As its name suggests, there are numerous volcanoes in Lassen Volcanic National Park. It has sites, such as Bumpass Hell with bubbling mud pots and Devastated Area with lava rocks from the last eruption of Lassen Peak Volcano. The park is also visited for the clear mountain lakes and meadows filled with wildflowers.

July through September are the best times to visit when you can experience most of the activities available in the park. The wildflowers are also in bloom in July and August, giving a spring-like appearance. Most people enter through the south entrance and drive through the park to exit at the north entrance.

You can take one-day tours that let you see most of the park highlights. However, if you want to also enjoy the lakes, stargaze at night, and hike the popular trails, such as Cinder Cone or Lassen Peak, you’ll want to visit for 2 or 3 days.

5. Redwood National Park

Redwood National Park | Image by David Mark from Pixabay

Designation: National Park
Year established: 1968
Acreage: 138,999.37
Yearly visitors: 265,177
Park entrance address: 1111 Second Street Crescent City, CA 95531

Redwood National Park protects the world’s tallest trees, which grow over 370 feet high – that’s 5 stories taller than the Statue of Liberty! This park is also an International Biosphere Reserve and World Heritage Site. You can enjoy scenic drives, camp, bike, walk, or ride horses along the various trails.

Although the mild coastal temperatures offer decent weather throughout the year, it can be rainy during winter. May through September are the best times to hike amongst the redwoods. The best itineraries to the park cover 2 days, so you can hike to Fern Canyon, take scenic drives, enjoy Gold Bluffs Beach, and go on a horseback riding tour.

Since it’s free to enter the park, there are no official park entrance stations. There are 5 visitor centers, and most people start their visit at the park Crescent City Information Center and park headquarters for information.

6. Channel Islands National Park

Channel Islands National Park | Image by coeroberts0 from Pixabay

Designation: National Park
Year established: 1980
Acreage: 249,561
Yearly visitors: 167,290
Park entrance address: 1691 Spinnaker Dr, Ventura, CA 93001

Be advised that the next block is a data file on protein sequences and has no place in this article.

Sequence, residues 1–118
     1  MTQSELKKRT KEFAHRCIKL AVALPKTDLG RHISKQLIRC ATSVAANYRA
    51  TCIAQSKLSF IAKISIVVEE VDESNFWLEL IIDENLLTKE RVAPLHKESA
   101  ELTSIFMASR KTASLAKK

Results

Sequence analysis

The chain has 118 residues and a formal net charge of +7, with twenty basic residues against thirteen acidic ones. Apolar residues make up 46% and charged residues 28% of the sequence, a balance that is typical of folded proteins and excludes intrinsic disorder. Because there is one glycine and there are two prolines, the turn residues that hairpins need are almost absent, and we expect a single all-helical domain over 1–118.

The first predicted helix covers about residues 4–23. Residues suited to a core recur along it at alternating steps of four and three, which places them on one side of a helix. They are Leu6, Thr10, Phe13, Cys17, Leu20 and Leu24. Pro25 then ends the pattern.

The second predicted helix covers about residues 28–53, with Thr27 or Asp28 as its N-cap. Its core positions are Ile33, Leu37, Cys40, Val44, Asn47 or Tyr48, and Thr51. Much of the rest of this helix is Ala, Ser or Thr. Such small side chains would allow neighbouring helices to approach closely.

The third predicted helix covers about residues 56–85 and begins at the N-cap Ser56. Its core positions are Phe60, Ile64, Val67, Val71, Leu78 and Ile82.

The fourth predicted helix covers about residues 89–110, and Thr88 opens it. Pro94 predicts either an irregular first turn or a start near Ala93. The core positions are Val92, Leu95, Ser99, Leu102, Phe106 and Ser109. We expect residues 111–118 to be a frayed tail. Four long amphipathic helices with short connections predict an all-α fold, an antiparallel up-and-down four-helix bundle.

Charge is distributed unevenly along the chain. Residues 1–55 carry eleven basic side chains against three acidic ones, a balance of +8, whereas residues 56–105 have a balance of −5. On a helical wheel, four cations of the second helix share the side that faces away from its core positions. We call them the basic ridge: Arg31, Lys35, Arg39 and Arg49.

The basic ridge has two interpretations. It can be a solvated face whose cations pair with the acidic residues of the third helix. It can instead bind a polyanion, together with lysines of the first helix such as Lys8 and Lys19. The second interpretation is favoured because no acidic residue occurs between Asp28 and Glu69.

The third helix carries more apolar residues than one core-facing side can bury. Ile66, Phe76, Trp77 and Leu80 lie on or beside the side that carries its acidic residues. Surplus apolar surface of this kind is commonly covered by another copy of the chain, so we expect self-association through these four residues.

Channel Islands National Park preserves an ocean environment’s natural and cultural resources. It consists of 5 amazing islands with various hiking trails and unique plant, animal, and archeological resources.

Peak visiting season is from June to August since you can fully enjoy the water-based activities of diving, kayaking, snorkeling, and swimming. It’s also the time when the most chances of whale and dolphin sightings occur. A 2-day weekend getaway is the best amount of time to relax and enjoy the various activities as well as visit the different islands.

The park is only accessible by boat or plane and there is no transportation on the islands. You can take a private boat or public boat through Island Packers, with trips leaving from Ventura or Oxnard harbors. So, make sure to plan your visit in advance!

7. Joshua Tree National Park

Joshua Tree National Park | Image by nightowl from Pixabay

Designation: National Park
Year established: 1994
Acreage: 795,155.85
Yearly visitors: 2,399,542
Park entrance address: 6554 Park Boulevard, Joshua Tree, CA 92252

Joshua Tree is the second-largest National Park in California and is famed for the Joshua trees scattered throughout the desert landscape. These trees provide a habitat for various mammals, birds, lizards, and insects. The park also features scenic hiking trails and unique rock formations, such as Penguin Rock and Skull Rock.

The best times to visit are March to May and October to November, where the temperature is milder. You can also see wildflowers blooming during the spring. One day is plenty to see all the highlights in the park. However, an extra day lets you do multiple hikes, explore off-road drives, stargaze, and catch beautiful sunsets and sunrises.

There are three entrances but the most popular one is the west entrance located in the town of Joshua Tree. Start your visit at the Joshua Tree Visitor Center, which is an 8-minute drive before reaching the west entrance station.

8. Death Valley National Park

Death Valley California | Image by esudroff from Pixabay

Designation: National Park
Year established: 1994
Acreage: 3,408,406.73
Yearly visitors: 820,023
Park entrance address: 99FQ+4W Darwin, California

Death Valley National Park is the largest park in California and the 5th largest in the U.S. It also features the lowest point in the U.S – Badwater Basin that’s 282 feet below sea level. Located on the California and Nevada border, this park is one of the hottest and driest spots in North America.